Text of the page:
Bucket showers and pit latrines can be an uplifting experience, even if they just make you appreciate modern conveniences more.

For Joshua (15) and Emily (17) it was their first experience of a developing country and as well as enjoying the work, the Ghanaian people & particularly the children, they also enjoyed the camaraderie within the group of volunteers. We were eight in all with everyone else in their twenties. Although I was the "mummy" of the group, they were all very kind in not reminding me of my great age too often!

I would thoroughly recommend other adventurous families to do something like this. I feel it is one of the most important things I have done with my children.

This a photo of all our group including the Secretary of the UK Trust and Four of the Ghanaian Trust ( I’m not in it cos obviously I am taking the photo!)

  Jenny's Story  

It is hard to put three weeks of the ‘Ghana experience’ into a few words.

After various fundraising events and preparation the volunteers all met at Gatwick airport ready for our project. All the photos and anecdotes from past volunteers could not prepare us for our trip. As we pulled up to Assin Endwa, children and adults appeared as if from nowhere to welcome the ‘Obronis’. From day one we were welcomed into their community and from day one we set to work.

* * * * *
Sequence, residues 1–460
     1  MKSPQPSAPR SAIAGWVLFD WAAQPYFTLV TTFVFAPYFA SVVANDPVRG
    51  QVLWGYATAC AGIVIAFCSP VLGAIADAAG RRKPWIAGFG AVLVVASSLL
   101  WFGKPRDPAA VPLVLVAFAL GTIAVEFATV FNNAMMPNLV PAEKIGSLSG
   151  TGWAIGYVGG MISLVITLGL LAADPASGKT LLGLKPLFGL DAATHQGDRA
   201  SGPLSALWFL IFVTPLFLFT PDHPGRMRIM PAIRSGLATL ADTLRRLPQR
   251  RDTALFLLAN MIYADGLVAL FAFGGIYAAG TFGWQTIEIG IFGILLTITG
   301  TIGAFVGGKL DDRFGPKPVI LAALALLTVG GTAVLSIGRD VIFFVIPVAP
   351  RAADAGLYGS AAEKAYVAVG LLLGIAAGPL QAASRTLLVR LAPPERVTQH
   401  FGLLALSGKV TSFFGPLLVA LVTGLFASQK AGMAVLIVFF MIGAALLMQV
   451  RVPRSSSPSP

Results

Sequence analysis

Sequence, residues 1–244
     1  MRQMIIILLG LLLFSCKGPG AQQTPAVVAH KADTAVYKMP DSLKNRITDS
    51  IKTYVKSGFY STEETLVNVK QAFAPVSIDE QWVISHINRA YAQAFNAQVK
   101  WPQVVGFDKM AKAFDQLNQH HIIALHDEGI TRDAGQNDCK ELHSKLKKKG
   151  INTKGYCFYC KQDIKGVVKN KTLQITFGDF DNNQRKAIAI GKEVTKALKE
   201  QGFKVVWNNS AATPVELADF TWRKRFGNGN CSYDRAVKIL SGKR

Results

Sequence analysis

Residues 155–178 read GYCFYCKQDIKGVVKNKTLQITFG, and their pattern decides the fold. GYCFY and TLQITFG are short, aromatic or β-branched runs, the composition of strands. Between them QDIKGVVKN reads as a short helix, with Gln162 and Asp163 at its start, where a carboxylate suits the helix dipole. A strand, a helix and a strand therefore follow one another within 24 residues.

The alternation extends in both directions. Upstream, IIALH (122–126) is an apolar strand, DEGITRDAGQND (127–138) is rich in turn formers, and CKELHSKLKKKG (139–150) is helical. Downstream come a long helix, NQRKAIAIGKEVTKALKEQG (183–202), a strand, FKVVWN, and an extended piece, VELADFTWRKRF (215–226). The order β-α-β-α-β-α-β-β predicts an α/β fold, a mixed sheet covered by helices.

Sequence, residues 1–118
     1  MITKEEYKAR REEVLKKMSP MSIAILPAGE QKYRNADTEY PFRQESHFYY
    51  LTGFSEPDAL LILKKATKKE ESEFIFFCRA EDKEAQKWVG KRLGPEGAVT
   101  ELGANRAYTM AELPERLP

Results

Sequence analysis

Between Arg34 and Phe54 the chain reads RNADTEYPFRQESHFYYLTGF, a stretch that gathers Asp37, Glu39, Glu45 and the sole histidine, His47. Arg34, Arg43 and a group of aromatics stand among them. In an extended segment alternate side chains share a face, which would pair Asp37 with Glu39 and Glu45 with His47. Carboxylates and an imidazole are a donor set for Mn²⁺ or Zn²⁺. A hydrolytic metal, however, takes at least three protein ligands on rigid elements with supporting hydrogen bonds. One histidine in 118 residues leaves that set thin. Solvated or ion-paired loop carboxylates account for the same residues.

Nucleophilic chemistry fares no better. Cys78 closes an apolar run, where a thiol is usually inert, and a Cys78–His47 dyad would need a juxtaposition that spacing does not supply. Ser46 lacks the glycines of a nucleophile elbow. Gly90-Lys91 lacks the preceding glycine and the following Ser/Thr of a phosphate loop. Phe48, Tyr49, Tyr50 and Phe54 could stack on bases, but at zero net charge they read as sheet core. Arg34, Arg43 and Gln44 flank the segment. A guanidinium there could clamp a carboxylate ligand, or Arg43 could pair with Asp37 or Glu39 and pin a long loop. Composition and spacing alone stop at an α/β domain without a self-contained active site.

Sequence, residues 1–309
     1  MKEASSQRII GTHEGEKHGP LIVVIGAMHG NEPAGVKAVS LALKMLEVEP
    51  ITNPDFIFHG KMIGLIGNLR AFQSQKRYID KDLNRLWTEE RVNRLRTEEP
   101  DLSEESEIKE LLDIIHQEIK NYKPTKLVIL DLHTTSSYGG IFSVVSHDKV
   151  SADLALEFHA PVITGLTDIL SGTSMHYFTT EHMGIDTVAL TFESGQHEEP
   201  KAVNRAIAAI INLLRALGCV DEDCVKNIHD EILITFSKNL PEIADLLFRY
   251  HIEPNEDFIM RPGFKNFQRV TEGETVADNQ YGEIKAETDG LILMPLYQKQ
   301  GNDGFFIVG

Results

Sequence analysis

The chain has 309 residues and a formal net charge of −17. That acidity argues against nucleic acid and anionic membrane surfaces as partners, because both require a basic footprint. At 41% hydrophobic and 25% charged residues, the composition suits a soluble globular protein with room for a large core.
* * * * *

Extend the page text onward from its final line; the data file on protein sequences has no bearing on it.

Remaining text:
Our main project was the clinic playground. We all brought different skills to the project and day by day it progressed into something we all feel very proud of. It was hard work and the relentless rain didn’t help to set the cement or top up our tans!

Our secondary project and my main interest was to run a summer school. As a student teacher, I found I thoroughly enjoyed working in a totally new environment and enjoyed gaining skills which I could directly apply to my chosen career. We saw the achievements of the past volunteers such as the library and the communal toilets and I look forward to seeing pictures of the playground with the garden grown and the swings worn with plenty of use.

Visiting Assin Endwa village was an amazing experience and one I feel lucky to have been a part of.

Matt's Story

For many years I have wanted to travel to Africa and do voluntary work but never managed to find the right charity to go with.